Avocado breeding is a part of UC Riverside’s rich agricultural history.
UC Riverside Charts Course for Future Avocado Varieties
University seeks industry partners in new research endeavor
By Richard Chang
RIVERSIDE, Calif. The University of California, Riverside is planning to develop the next generation of avocado varieties.
The university will expand its avocado varietal breeding program by seeking partnerships with the private sector and launching the Avocado Variety Improvement Program (AVIP). Under the consortium, the program will advance new varieties of avocados that will meet the diverse global growing area requirements, exhibit better post-harvest characteristics, increase yields and expand consumer market diversity.
“Worldwide consumption of avocados has increased exponentially within the last decade, with no end in sight,” said Mary Lu Arpaia, head of the avocado varietal breeding program at UC Riverside. “It is the true global superfood of the future.”
Currently, there are only a few types of avocado grown for food, such as the venerable Hass variety. Researchers at UCR hope to breed the next generation of avocados, especially as the fruit continues to gain popularity across the globe.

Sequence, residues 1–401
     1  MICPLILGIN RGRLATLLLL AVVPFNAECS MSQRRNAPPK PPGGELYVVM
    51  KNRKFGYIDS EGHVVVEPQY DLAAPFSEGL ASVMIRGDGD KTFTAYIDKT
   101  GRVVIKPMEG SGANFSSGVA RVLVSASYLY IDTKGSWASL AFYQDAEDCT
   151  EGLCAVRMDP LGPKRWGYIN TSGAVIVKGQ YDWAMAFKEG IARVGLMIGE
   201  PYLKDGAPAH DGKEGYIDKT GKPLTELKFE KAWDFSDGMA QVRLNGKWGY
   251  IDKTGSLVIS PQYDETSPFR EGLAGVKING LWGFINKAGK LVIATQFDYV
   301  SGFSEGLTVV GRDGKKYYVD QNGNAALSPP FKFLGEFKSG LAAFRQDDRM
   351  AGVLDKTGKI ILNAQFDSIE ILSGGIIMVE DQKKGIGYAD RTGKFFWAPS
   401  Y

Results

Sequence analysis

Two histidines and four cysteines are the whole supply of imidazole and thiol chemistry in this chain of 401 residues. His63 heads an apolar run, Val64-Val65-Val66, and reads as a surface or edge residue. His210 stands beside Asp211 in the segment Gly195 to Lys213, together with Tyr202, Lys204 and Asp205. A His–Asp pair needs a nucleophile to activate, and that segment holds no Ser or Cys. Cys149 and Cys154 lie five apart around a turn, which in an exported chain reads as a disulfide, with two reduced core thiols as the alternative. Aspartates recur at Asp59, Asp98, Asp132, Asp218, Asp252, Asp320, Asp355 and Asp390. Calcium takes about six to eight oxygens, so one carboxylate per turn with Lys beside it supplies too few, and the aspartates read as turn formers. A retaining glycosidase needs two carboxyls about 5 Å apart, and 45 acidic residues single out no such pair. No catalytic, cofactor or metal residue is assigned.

The nearly 70-year-old avocado breeding program at UC Riverside houses one of the most elite collections of advanced breeding materials in the world. The goals of AVIP will include development of varieties not only for the fresh fruit market consumption, but also for commercial oil production, sugar production, and pharmaceutical uses.
UC Riverside is looking for global industry partners to participate in AVIP as a way to ensure the longevity and sustainability of the program for years to come. The partners would commit to provide funding for a minimum of 10 years in order to commercialize new avocado varieties developed by the program.
As part of this initiative, UC Riverside will be working with DataHarvest Inc., a Central Valley-based startup company that plans to pilot blockchain technology into the consortium for management and deployment of new varieties. “DataHarvest’s First Block Ledger™ architecture will simplify management and provide transparency in the university’s program from the breeder to consumer – creating value for all partners,” said Joseph Mark Buhl, co-founder of DataHarvest, describing the approach as unique and revolutionary.
“We are really defining the direction of a commodity for the next 50 years and beyond. We are partnering with the industry to enable this ‘engine’ that creates this amazing range of avocado varieties and collaborating with the top growing operations around the world to bring the avocado fruit to future consumers,” said Michael Pazzani, Vice Chancellor for the Office of Research and Economic Development at UC Riverside.
source: The University of California, Riverside